That's right. This week saw the US government release declassified footage of nuclear weapons testing from the 1940s to the early 1960s. And while the footage is strikingly beautiful, it is also, to quote Megadeth's song "Symphony of Destruction" proof that "you take a mortal man, put him in control, watch him become a god, and watch people's heads roll," because, that beautiful ball of flame would mean instant erasure for anyone and anything in its path.
A local Alaskan website recently ran a story noting that, following last year's massive die-off of Alaskan seabirds, scientists still looking for answers. A biologist with US Fish & Wildlife Service, when asked how many had died, noted: "I would say possibly hundreds of thousands were killed." The biologist also noted something strange when she said: "And it's not just how many died, it's where they died. There were some in Lake Iliamna, down on the roads along the Kenai Peninsula, and all the way up to Fairbanks. (The birds) aren't supposed to be there."
When asked about the cause of death, the biologist noted: "Almost always it's been starvation… Sea birds are top predators." Asked about the importance of these birds, the biologist noted: "They're sort of sentinels for our environment. They have definitely let us know that there's change going on in the ocean ecosystem." Taking it all into consideration, the biologist summed it up by saying: "The refuge has been monitoring these colonies for 4 decades and it's like nothing we've ever observed before."
Changing it up a little bit, KUCB, another local news source, wrote: "In the past two months, 300 dead puffins have washed up on St. Paul Island, alarming residents who had only seen six carcasses over the last decade… scientists say it could be the sign of a much larger ecosystem problem. The co-director of St. Paul's Ecosystem Conservation Office said: "There are dead puffins everywhere. The carcasses came ashore in waves". The co-director went on to say: "the extent of the die-off was frightening. After we opened up the first five, it was very apparent that all of them were emaciated. Their muscles were completely atrophied. They had empty stomachs. They had gastrointestinal bleeding, which indicates severe long-term starvation. They were in very, very poor shape… So we started digging into this more." She ended by wondering: "What is happening? Where is their food?" And where could their food be, you might be asking yourself?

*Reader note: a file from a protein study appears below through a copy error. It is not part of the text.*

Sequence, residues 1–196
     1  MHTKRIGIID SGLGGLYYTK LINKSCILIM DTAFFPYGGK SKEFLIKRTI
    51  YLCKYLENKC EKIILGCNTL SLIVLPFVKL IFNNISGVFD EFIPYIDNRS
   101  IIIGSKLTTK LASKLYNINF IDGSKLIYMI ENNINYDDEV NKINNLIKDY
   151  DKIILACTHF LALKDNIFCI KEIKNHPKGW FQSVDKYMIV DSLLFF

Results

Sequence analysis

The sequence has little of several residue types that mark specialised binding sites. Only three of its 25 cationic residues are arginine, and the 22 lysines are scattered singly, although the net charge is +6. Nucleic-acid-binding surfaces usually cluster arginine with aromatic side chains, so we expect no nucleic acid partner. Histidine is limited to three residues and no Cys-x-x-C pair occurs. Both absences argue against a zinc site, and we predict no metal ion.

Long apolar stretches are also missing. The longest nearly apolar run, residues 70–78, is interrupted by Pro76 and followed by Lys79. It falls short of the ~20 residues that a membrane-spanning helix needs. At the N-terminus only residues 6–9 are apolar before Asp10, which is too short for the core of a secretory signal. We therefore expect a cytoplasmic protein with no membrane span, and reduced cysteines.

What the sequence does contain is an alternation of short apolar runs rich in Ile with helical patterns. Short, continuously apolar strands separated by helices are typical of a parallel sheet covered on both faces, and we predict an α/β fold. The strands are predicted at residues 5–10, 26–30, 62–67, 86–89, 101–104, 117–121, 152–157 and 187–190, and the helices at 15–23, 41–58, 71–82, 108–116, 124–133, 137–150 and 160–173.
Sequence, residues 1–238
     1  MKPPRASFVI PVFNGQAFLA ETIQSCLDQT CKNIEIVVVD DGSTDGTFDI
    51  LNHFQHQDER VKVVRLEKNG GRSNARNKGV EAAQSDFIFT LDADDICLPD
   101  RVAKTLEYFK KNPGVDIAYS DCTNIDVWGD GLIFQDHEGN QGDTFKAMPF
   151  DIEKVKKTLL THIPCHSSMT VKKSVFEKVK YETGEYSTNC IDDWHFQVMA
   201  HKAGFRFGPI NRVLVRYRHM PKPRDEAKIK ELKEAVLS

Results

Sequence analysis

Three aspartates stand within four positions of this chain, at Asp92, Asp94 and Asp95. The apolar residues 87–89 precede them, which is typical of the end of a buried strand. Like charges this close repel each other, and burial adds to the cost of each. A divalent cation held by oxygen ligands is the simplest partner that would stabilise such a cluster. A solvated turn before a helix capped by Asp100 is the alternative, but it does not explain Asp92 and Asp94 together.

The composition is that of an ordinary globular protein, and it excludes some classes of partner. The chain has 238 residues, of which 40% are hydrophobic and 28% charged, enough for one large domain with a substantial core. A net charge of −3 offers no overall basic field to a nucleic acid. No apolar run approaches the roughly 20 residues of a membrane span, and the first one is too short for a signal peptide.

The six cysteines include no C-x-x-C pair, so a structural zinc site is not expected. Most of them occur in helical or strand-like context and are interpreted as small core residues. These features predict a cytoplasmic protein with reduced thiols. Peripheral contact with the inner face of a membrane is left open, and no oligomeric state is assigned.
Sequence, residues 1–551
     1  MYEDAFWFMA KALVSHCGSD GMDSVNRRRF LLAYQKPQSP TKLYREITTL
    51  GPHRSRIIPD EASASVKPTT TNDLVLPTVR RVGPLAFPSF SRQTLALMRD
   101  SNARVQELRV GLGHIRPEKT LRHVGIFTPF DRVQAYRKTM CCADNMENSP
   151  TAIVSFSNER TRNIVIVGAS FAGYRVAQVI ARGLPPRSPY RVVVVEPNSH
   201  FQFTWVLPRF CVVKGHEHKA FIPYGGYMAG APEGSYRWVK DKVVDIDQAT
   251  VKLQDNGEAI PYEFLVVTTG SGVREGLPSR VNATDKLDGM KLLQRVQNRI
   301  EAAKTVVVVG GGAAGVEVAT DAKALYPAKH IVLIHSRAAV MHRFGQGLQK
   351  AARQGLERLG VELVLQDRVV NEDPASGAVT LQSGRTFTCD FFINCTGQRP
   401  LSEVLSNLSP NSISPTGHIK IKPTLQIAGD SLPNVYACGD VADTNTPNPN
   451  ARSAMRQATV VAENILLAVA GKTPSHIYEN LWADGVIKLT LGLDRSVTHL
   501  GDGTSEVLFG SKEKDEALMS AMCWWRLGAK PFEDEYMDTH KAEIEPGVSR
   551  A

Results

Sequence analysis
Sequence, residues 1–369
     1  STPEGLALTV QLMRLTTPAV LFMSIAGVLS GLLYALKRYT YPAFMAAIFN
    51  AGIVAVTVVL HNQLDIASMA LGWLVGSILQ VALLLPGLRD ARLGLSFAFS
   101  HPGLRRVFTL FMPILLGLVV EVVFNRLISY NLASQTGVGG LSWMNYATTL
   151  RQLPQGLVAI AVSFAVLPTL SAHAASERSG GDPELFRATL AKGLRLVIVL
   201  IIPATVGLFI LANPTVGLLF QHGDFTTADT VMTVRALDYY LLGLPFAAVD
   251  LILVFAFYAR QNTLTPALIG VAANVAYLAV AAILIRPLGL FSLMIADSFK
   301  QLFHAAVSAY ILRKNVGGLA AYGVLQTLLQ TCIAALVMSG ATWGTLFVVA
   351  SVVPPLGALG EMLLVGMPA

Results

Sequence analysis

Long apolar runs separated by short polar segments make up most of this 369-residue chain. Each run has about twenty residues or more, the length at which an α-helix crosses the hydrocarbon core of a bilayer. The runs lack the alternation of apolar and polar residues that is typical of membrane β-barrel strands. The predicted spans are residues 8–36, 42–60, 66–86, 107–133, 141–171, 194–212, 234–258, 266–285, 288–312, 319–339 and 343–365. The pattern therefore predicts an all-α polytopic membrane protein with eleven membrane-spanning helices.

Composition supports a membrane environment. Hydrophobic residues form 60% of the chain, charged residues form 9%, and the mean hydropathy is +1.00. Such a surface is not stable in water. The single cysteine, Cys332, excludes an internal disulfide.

The Verge recently ran a story about Fukushima and there it was noted: "Another robot has died in the depths of one of Fukushima's nuclear reactors, as attempts to locate and remove melted radioactive fuel continue. This is the second robot in two weeks to meet its end in the Fukushima Daiichi nuclear power plant." That's right — this is the second robot to be destroyed in as many weeks.
The article continued by noting: "The robot's mission was to investigate the pedestal underneath the Unit 2 nuclear reactor, where melted nuclear fuel is suspected to have fallen. But about 10 feet away from its target, one of the robot's tank-like treads got stuck. Tokyo Electric Power Company (TEPCO), which operates the plant, said decided to cut the robot's cable and abandon it inside the reactor. However, A TEPCO spokeswoman said that they don't yet know whether radiation or debris stopped the robot."
So, what do you think dear listeners: "What is going on in the Pacific Ocean?"
We'd love to get your feedback at firstname.lastname@example.org.
Have you heard the news? Sign up to our Telegram channel and we'll keep you up to speed!